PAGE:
Our 2018/2019 Fiscal Year has come and gone – completing the 32nd year of the Family Care Network. As time rushes by us in a blur, it makes one’s head spin. This past cycle of time was no exception. Thank goodness we have the opportunity to look backward and reach into our memory banks to focus once again on the blessings and lessons of our experiences.
Tag: foster care
We have reached the end of May and National Foster Care Awareness Month, a well-deserved acknowledgment of the incredible, selfless work done by the thousands of individuals and families providing family-based treatment, care and supervision. Having worked with Foster Parents for over 40 years, I have unwavering respect for these children’s champions, along with some strong opinions about our foster care system.
I’m sure we’ve all heard a lot of different words to describe foster parents and/or foster parenting. Hopefully phrases such as, “hearts of gold” and “selfless heroes” outnumber the negative and inaccurate sentiments that too often plague this noble and challenging life choice many (but not enough) make.
Sadly, some kids just get dealt a bad hand in life, through no fault of their own. Clay was one of those kids. He first ended up in foster care when his parents were arrested for using and selling drugs. At the time, Clay’s aunt and uncle stepped forward to give five year old Clay a home. But after many years with the family, Clay’s uncle was arrested for domestic violence and his aunt, severely traumatized, could no longer care for Clay. Now 15, Clay was again placed into foster care for his safety.
As I stated in Part One, America’s system for caring for foster children is in serious need of change. The system is based on archaic practices, often contrary to the best interest of children and contradictory to current science; and by and large, does more damage than benefit to children! But, I do believe there is the will and opportunity to improve our Child Welfare-Foster Care system, and here is how we should do it.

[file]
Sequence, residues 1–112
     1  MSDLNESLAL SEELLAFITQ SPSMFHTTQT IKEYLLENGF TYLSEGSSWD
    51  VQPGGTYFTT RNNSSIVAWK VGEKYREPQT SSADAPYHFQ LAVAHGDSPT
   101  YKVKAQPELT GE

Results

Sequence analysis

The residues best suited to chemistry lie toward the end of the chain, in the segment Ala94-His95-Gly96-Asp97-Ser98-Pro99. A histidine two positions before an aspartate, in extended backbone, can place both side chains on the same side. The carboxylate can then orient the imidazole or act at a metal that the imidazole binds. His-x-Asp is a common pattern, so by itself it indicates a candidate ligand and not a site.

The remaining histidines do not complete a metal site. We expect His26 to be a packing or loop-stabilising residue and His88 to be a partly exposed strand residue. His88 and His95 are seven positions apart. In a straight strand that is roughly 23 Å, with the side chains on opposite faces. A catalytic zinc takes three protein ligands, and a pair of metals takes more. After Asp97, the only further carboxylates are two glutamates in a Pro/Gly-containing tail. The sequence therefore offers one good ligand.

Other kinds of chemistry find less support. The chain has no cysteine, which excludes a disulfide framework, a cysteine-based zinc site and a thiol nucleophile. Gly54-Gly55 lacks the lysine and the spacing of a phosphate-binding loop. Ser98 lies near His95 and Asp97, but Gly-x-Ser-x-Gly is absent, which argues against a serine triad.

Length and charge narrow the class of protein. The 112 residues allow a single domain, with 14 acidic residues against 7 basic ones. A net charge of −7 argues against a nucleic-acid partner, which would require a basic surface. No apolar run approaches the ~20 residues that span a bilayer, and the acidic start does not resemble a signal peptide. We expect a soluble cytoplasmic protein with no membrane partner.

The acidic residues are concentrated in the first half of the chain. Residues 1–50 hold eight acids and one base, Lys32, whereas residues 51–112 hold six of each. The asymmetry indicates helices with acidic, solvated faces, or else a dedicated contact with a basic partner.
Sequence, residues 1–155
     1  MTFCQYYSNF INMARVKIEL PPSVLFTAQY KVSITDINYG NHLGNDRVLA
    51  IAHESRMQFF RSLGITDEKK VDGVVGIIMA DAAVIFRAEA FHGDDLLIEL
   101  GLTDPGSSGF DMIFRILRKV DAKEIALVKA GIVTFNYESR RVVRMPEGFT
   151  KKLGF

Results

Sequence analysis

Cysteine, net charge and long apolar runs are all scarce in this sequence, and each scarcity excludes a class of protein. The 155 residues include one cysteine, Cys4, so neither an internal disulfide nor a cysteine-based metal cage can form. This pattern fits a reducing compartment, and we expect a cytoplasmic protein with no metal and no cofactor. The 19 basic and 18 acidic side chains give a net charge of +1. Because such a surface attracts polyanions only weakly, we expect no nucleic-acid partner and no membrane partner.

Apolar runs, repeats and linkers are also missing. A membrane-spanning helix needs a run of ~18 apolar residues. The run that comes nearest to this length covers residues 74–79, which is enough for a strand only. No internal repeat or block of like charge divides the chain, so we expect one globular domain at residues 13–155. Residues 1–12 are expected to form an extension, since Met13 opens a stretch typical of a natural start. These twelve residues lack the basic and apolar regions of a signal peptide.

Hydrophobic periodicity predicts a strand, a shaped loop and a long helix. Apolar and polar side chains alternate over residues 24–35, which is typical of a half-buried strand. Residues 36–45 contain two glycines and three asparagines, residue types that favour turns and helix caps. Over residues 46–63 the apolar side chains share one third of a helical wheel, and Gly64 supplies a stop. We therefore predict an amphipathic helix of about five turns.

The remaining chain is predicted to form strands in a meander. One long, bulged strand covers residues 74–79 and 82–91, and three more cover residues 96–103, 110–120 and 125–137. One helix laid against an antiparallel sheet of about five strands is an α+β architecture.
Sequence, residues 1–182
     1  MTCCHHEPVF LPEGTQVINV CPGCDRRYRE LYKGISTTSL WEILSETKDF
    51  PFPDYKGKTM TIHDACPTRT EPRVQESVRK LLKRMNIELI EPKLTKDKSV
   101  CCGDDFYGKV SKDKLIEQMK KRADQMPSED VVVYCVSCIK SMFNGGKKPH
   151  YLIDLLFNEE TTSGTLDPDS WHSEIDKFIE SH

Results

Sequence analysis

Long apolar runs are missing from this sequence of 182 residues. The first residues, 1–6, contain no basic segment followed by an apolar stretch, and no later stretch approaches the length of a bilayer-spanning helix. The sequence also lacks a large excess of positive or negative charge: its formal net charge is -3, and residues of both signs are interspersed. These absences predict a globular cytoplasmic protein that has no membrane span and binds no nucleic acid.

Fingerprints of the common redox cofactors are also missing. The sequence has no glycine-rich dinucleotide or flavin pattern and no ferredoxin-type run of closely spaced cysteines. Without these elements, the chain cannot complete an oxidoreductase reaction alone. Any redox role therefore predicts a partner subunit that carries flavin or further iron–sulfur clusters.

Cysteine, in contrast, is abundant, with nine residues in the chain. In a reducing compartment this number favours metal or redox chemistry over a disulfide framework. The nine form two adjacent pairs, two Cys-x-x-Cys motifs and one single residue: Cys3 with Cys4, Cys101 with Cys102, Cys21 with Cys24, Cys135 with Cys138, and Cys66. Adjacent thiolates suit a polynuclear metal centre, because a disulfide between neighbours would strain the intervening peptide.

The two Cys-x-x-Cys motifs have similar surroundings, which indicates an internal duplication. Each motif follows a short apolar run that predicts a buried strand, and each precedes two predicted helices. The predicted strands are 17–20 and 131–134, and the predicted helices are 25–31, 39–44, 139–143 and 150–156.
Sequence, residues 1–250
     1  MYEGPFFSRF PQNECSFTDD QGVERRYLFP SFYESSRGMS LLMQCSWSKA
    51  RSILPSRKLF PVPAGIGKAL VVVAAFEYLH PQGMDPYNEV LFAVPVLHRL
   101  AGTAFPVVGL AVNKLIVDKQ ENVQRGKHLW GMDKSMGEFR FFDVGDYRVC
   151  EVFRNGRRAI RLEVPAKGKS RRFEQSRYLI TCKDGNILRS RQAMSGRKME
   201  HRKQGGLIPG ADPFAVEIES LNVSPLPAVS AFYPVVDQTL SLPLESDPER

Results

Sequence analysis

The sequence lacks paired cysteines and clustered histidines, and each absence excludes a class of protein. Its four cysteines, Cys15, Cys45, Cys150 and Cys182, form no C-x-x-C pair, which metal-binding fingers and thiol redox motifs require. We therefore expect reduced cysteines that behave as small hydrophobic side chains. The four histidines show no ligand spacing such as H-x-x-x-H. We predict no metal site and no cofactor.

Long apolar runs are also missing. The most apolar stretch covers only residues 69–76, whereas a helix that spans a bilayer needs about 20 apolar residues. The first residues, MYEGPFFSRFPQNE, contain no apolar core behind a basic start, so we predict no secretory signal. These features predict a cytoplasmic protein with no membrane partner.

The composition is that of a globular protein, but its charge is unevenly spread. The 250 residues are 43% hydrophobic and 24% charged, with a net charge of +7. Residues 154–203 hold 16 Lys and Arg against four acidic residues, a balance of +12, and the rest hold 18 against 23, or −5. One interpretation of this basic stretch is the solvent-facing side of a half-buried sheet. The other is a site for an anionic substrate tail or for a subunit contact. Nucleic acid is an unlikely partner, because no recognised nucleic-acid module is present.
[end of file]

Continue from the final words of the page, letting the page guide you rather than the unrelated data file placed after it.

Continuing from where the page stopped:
America’s system for caring for foster children is in serious need of a change. Our current system is based on archaic practices, often contrary to the best interest of children and contradictory to current science; and by and large, does more damage than benefit to children!
We did not start our marriage necessarily intending to adopt. We experienced infertility, but quickly realized that there were many ways to become parents. When we learned about the countless number of girls in orphanages in China that needed a family we decided to pursue adopting internationally. It took five years to adopt our now eleven year old daughter, and once we became parents we knew we wanted to adopt more kids.
In my role as a Social Worker, I work as part of a team to find the best solutions and situations for the kids and families we serve. Unfortunately, during this process, we often encounter heartbreak and disappointment. But when best laid plans go awry, we turn to the backup plans, and sometimes, a Plan B ends up being the best plan of all.
To paraphrase Dr. Martin Luther King, “Social Work helps the arc of the moral universe bend toward a better society.” Social Workers stand up every day for the disenfranchised, the abused, the homeless, the sick, the broken, the dying, the healing, the rejected, the fatherless and the stranger. Social workers are over 600,000 strong in the US alone, and yet, their work so often goes unnoticed and undervalued in society.
We love our creative community! As most of us know, the Central Coast seems to be a breeding ground for innovative people of all types to create a variety of local businesses which make living here even more wonderful than it already is. We have amazing local restaurants, wineries, breweries, distilleries, jewelers, painters, sculptures, bakers, screenprinters, farmers, graphic designers, landscapers, photographers, film makers, musicians...this list could really go on and on for pages.